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'Sunday in the Park' Goes in Search of Consistency


With her creamy skin and kewpie-doll mouth, Andrea Chamberlain looks so much like Bernadette Peters I felt I was in a time warp during much of "Sunday in the Park With George," which opened at the Festival of Arts Forum Theatre in Laguna Beach on Saturday.

Peters originated the role of Dot, painter Georges Seurat's mistress and model, in the strikingly beautiful 1984 musical about love and art by Stephen Sondheim and James Lapine. Chamberlain not only resembles Peters but she is also coiffed and outfitted to complete the illusion. She is also a charming and capable singer and actress. In the first act, set in 1884, she is winsome and funny as Dot, who finds she cannot abide the neglect of her self-absorbed lover, although she loves him passionately. In the second act, which jumps forward in time by 100 years, Chamberlain plays Dot's daughter Marie, now 98. Marie is the grandmother of a modern artist also named George, and she is his anchor in the money-grubbing world of contemporary art.

But if Chamberlain seems to be channeling Peters, that is after all appropriate to the role as it was conceived. The trouble is, George Quick seems to be channeling Tommy Tune. Quick plays George--the tortured, brilliant artist in the first act, and the equally tortured if less brilliant second-act inventor-sculptor.

Quick lacks the gravity--vocally and emotionally--to pull off the role. In the first act, furiously sketching with furrowed brow, he looks like Donny Osmond in a Smith Brothers beard. In George's second-act set piece, a song called "Putting It Together," which is George's lament about the plight of the modern artist, Quick does not have the necessary angst. He may be a likable performer in other contexts, but this is clearly the wrong role for this actor.

In quality, the cast is consistently inconsistent. Eric Anderson is amusingly ominous as a supercilious soldier in the first act and a jealous artist in the second. But the harmoniously named Richard G. Rodgers is lumpen and unconvincing as a philosophical boatman who hangs out on the island of La Grande Jatte, where the first-act George paints his masterwork.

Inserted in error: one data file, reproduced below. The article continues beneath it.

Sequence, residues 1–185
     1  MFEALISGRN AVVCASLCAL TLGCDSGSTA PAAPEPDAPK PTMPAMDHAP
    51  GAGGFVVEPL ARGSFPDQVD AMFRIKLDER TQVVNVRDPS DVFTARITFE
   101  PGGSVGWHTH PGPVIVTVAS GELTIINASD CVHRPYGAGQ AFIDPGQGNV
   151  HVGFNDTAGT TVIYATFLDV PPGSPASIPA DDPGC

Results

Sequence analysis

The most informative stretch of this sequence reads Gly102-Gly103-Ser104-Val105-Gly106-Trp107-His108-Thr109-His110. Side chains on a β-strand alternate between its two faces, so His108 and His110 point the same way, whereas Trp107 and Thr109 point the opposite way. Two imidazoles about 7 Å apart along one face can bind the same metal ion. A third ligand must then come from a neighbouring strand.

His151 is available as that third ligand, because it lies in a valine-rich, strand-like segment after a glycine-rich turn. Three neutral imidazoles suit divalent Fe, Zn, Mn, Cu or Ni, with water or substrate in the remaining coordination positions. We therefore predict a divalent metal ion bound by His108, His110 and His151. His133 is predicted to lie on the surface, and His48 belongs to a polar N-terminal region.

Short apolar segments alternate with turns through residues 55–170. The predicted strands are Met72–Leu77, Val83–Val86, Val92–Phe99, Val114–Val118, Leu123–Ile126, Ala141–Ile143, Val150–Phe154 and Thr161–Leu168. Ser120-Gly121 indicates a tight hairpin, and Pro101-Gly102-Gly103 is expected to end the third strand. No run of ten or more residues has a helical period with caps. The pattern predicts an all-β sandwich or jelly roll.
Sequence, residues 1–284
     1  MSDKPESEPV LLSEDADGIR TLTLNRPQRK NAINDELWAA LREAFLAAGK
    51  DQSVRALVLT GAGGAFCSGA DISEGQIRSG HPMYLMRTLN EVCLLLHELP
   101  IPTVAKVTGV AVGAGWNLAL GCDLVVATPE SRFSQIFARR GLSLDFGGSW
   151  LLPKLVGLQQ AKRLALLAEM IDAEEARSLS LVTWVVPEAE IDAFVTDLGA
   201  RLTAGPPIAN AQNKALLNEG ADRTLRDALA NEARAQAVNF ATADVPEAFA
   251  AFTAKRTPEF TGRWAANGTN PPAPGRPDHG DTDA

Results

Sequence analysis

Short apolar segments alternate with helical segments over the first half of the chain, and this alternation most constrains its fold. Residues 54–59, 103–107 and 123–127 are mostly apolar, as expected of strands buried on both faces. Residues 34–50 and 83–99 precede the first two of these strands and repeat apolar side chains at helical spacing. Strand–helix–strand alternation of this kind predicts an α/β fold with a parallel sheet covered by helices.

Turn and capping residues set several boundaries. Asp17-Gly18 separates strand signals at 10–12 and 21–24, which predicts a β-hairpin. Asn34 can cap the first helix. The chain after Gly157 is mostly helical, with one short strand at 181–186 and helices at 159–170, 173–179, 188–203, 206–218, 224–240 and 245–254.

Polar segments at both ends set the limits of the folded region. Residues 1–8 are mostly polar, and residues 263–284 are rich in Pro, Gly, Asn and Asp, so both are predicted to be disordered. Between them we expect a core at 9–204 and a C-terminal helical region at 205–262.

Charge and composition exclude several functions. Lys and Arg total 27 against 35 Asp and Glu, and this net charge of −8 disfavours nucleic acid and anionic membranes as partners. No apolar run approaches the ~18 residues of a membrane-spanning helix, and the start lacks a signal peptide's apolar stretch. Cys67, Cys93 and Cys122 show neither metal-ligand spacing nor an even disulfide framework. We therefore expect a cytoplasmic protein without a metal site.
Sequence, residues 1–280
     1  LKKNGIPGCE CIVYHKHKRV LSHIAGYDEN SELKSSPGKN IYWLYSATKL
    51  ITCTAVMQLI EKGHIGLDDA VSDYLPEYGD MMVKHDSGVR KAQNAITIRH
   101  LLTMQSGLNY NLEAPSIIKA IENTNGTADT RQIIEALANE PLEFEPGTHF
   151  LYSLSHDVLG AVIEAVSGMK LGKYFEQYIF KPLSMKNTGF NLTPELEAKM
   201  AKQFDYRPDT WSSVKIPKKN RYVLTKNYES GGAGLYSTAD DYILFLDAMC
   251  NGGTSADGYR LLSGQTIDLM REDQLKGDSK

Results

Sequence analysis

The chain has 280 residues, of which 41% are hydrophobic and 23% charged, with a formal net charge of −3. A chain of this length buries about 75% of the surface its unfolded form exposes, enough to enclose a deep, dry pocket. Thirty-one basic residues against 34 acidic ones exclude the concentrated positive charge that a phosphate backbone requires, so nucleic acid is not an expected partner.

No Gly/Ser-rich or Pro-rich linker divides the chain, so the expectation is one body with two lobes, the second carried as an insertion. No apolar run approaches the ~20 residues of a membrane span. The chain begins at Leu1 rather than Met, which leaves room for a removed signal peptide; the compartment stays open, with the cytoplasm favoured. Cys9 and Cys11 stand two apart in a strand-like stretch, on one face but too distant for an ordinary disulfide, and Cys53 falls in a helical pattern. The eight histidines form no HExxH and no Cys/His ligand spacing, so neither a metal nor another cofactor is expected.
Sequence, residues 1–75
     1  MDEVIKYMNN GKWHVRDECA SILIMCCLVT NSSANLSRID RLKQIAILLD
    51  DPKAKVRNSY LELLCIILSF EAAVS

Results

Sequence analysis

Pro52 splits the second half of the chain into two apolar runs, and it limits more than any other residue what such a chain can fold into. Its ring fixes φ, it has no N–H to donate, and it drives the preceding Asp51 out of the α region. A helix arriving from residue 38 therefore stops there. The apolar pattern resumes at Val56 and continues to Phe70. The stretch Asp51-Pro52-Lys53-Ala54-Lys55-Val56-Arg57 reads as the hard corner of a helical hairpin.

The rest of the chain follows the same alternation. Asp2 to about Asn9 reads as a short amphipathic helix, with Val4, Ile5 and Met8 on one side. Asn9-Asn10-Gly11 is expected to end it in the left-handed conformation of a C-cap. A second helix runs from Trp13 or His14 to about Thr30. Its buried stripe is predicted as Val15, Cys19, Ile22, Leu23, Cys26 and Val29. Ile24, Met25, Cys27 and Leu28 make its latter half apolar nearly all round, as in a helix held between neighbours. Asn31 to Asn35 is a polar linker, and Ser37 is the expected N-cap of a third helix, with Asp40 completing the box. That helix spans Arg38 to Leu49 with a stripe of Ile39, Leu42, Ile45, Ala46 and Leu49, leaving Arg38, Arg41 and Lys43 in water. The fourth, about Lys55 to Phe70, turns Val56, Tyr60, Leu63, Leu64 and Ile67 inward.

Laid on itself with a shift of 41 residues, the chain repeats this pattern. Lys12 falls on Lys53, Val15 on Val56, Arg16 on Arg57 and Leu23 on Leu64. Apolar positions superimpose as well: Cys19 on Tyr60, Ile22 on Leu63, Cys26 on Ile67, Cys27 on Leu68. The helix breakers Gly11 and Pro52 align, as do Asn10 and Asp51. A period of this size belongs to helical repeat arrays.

"Sunday in the Park With George" requires steady and sustained attention from its audience, and it is not one of those musicals, like, say, "Hello, Dolly!" that can withstand too many subpar elements. It therefore loses its way, despite director Beth Hansen's understandable decision to stay close to Lapine's original direction (costumer Cristan Jonas and set designer Tim Mueller follow suit).

Sondheim's shimmering score (written to evoke Seurat's painting technique and the quality of his art) sounds almost as haunting on one piano, played by musical director Terence Alaric, as with full orchestra. But without an orchestra, there were tempo problems, and very little building of dramatic tension, which was particularly unfortunate in the emotional climax of Act 1, "We Do Not Belong Together" and Act 2, "Move On."

Consequently, the musical leaks energy like a sieve, until, near the end of the three-hour show, even the actors began to look as if they needed coffee.

* "Sunday in the Park With George," Musical Theatre Company, Festival of the Arts, Forum Theatre, Laguna Beach, Thursday-Saturday, 8 p.m., and Sunday, 7 p.m. Also, matinees in August on Saturday and Sunday and on Aug. 28, 2 p.m. Ends Sept. 15. $20-$26. (714) 957-TKTS. Running time: 3 hours.

George Quick: George

Andrea Chamberlain: Dot/Marie

Myrna Niles: Old Lady/Blair Daniels

Dynell Leigh: Nurse/Harriet Pawling/Mrs.

Steve Vautrin: Franz/Dennis

D.C. Anderson: Jules/Bob Greenberg

Kathryn Kukulka: Yvonne/Naomi Eisen

Richard G. Rodgers: Boatman/Charles Redmond

D.J. Gray: Celeste No. 1/Elaine

Amber Davidson: Celeste No. 2/Waitress

Molly Siobhan Reynolds: Louise

Shirley Hatton: Freida/Betty

Steve Ross: Louis/Billy Webster

Eric Anderson: A Soldier/Alex

Steve Reynolds: Mr./Lee Randolph

A Musical Theatre Company production. Music and lyrics by Stephen Sondheim. Book by James Lapine. Directed by Beth Hansen. Sets Tim Mueller. Costumes Cristan Jonas. Lights D. Silvo Volonte. Sound David Edwards. Production stage manager Marya Slater.

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